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Language Planning as a Sociolinguistic Experiment

By: Ernst Jahr

Provides richly detailed insight into the uniqueness of the Norwegian language development. Marks the 200th anniversary of the birth of the Norwegian nation following centuries of Danish rule

New from Cambridge University Press!


Acquiring Phonology: A Cross-Generational Case-Study

By Neil Smith

The study also highlights the constructs of current linguistic theory, arguing for distinctive features and the notion 'onset' and against some of the claims of Optimality Theory and Usage-based accounts.

New from Brill!


Language Production and Interpretation: Linguistics meets Cognition

By Henk Zeevat

The importance of Henk Zeevat's new monograph cannot be overstated. [...] I recommend it to anyone who combines interests in language, logic, and computation [...]. David Beaver, University of Texas at Austin

Academic Paper

Title: 'Early Vocabulary Development in Danish and Other Languages: A CDI-based comparison'
Author: DortheBleses
Institution: 'University of Southern Denmark'
Author: WernerVach
Institution: 'University of Southern Denmark'
Author: MaleneSlott
Institution: 'University of Southern Denmark'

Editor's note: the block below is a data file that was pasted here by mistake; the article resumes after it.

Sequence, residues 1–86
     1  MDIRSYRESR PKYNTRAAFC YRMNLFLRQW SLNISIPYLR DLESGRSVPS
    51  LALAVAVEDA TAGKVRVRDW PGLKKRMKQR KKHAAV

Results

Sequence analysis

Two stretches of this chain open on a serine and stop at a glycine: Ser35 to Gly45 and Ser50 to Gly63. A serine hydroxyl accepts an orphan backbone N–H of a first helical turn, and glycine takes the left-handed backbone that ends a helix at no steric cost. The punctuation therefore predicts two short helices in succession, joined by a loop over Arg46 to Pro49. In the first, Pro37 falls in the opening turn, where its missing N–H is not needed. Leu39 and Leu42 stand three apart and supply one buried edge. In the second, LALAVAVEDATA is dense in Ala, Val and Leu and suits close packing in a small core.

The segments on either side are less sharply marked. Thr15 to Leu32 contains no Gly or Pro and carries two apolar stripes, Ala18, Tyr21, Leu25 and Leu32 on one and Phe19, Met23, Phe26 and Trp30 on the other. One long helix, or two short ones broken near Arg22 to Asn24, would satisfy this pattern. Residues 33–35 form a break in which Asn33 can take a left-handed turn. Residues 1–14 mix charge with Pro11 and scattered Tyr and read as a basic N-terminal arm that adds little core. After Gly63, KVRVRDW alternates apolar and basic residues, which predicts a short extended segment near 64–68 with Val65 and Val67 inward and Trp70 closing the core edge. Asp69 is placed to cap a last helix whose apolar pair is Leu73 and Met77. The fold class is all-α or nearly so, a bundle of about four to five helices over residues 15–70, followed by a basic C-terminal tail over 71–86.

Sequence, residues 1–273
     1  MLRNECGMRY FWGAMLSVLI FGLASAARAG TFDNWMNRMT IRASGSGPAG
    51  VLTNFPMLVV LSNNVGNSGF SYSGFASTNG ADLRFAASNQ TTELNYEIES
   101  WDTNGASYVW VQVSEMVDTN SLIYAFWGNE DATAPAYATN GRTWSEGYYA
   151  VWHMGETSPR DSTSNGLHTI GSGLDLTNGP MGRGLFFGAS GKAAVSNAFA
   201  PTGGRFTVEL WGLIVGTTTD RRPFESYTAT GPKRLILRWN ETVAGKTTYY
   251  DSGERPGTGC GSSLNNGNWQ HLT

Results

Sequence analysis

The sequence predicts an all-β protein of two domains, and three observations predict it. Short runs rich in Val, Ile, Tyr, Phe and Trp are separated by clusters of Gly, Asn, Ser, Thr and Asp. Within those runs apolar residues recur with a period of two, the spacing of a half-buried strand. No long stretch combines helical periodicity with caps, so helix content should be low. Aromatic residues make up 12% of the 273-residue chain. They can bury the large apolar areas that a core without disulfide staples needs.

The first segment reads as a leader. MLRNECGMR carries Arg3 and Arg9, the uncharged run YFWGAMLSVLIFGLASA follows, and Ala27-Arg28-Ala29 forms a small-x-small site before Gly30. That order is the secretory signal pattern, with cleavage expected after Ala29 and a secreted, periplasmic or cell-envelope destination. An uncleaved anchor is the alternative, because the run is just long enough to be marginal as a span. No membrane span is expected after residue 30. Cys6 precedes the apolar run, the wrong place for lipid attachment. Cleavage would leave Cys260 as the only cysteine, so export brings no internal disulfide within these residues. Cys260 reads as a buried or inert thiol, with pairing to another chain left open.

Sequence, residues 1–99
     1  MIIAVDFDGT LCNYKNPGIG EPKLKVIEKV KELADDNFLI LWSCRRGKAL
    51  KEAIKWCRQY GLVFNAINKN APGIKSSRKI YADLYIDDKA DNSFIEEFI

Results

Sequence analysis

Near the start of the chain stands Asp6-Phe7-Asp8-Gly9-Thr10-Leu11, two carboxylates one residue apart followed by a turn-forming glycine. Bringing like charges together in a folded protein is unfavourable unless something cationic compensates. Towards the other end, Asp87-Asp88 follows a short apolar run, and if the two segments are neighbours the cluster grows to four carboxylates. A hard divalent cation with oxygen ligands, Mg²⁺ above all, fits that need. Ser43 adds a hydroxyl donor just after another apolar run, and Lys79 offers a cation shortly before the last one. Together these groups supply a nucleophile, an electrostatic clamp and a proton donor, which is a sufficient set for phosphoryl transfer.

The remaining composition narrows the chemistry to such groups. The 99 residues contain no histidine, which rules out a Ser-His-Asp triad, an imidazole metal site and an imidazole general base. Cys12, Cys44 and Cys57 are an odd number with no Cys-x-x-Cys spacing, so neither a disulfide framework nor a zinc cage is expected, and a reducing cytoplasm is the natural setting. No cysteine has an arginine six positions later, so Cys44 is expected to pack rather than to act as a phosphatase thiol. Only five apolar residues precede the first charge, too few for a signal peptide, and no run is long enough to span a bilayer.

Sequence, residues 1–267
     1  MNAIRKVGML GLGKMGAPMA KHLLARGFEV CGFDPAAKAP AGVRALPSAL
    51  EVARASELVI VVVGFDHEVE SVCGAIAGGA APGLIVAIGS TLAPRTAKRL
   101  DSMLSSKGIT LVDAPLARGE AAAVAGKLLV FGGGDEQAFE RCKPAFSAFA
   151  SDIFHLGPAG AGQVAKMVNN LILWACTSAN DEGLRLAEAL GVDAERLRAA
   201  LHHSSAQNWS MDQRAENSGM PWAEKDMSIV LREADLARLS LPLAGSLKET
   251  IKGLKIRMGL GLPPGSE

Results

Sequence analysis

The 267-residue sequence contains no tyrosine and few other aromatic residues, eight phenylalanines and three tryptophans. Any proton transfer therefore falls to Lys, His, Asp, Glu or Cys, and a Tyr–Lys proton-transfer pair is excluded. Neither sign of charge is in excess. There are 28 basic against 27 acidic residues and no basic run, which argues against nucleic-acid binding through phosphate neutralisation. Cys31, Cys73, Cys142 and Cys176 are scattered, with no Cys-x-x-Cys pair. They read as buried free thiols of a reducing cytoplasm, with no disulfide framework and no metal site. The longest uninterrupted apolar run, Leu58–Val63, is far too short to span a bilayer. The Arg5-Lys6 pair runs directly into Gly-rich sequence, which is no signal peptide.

Author: SonjaWehberg
Institution: 'University of Southern Denmark'
Author: PiaThomsen
Institution: 'University of Southern Denmark'
Author: ThomasO.Madsen
Institution: 'University of Southern Denmark'
Author: HansBasbøll
Institution: 'University of Southern Denmark'
Linguistic Field: 'Language Acquisition'
Subject Language: 'Danish'
Abstract: The main objective of this paper is to describe the trajectory of Danish children's early lexical development relative to other languages, by comparing a Danish study based on the Danish adaptation of (CDI) to 17 comparable CDI-studies. The second objective is to address the feasibility of cross-linguistic CDI-comparisons. The main finding is that the developmental trend of Danish children's early lexical development is similar to trends observed in other languages, yet the vocabulary comprehension score in the Danish children is the lowest across studies from age 1 ; 0 onwards. We hypothesize that the delay is related to the nature of Danish sound structure, which presents Danish children with a harder task of segmentation. We conclude that CDI-studies are an important resource for cross-language studies, but reporting of studies needs to be standardized and the availability of published data improved in order to make comparisons more straightforward.


This article appears in Journal of Child Language Vol. 35, Issue 3, which you can read on Cambridge's site or on LINGUIST .

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